High profile sceptical parapsychologist Richard Wiseman has been a busy boy. First he was making headlines around the world with his investigations of the ghost of Henry VIII’s wife Catherine Howard, who was beheaded in 1540, but is said to still stalk the corridors of London’s Hampton Court Palace. Just bodies of cold air and some unusual draughts, he said on that occasion.
But things in Edinburgh seem, at this stage, rather more interesting. Wiseman has sent 240 volunteers into the cells of Edinburgh Castle, and cellars in the bowels of the mediaeval “Old Town”.
Nearly half the guinea pigs reported ghostly goings-on, although most were (again) no more dramatic than a sudden drop in temperature, an uncomfortable draught or a feeling of being watched. But one person reported a burning sensation on the arm, and another was nearly reduced to tears by breathing noises in the corner of the room.
Wiseman says the reports are much more extreme than expected, and, importantly, the highest number of experiences came in vaults already reputed to be haunted. But he won’t be a believer until he gets something on film. Meanwhile, local tourist guides are said to be “delighted” at the findings.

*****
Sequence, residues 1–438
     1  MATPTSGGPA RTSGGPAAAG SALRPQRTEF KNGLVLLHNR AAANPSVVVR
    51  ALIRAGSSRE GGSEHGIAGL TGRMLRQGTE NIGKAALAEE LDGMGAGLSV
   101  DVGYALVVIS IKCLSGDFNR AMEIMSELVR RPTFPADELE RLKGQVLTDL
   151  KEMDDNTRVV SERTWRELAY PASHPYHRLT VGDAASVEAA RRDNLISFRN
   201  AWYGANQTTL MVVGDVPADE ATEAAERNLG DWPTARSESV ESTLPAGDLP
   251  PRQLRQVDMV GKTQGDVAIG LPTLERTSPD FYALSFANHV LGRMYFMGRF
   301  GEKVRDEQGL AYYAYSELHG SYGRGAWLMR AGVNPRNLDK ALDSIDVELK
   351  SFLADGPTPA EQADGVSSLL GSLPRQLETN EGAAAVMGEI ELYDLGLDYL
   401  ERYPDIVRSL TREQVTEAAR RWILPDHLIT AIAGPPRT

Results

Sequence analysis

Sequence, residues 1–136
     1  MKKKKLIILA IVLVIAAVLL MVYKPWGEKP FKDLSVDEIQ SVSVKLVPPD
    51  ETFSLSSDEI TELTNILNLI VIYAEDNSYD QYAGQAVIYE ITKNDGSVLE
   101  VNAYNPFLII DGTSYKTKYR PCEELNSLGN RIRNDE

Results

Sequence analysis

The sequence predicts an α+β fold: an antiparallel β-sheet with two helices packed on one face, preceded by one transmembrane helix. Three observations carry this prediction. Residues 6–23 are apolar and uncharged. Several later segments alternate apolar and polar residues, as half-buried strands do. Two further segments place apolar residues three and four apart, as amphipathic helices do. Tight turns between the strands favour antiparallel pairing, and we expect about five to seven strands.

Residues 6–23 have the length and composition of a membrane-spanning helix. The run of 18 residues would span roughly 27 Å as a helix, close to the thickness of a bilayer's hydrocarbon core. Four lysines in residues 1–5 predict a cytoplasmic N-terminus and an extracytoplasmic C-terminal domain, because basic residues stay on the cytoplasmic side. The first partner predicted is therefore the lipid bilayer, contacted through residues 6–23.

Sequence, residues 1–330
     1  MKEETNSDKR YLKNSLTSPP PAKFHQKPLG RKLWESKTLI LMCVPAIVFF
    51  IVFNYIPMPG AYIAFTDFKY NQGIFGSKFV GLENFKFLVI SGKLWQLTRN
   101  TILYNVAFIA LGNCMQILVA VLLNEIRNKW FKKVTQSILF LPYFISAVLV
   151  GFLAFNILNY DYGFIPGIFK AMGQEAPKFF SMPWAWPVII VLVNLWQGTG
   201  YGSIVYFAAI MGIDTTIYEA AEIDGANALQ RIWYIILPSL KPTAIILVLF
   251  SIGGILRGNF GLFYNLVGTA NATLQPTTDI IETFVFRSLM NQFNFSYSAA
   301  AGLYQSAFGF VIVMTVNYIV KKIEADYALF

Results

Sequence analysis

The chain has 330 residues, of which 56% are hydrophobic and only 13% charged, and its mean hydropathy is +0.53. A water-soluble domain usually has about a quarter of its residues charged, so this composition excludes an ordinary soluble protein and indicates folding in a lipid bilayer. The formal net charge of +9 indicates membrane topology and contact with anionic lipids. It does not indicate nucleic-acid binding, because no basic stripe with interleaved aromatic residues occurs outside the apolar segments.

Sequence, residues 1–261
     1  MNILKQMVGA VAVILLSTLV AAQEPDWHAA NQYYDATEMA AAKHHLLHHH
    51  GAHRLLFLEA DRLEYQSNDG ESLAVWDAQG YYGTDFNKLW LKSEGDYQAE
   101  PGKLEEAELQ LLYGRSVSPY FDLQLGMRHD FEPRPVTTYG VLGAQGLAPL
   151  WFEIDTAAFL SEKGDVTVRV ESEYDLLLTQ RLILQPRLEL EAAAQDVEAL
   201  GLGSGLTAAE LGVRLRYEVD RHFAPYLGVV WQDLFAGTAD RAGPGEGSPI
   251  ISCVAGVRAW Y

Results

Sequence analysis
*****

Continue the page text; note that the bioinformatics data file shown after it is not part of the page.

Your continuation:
(Waikato Times, 19 April)
Rope Trick Mystery Tied Up
You probably knew this anyway, but the Indian Rope Trick is a hoax, it’s never been performed.
Peter Lamont, a former president of the Magic Circle in Edinburgh (that place again!) and now a researcher at the city’s university, found that the story was invented by the Chicago Tribune 111 years ago as part of a subscription drive. Little notice was taken of a short note the paper published four months later admitting the article had been a publicity stunt. It was assumed readers would realise it was a hoax because the story was bylined Fred S Ellmore.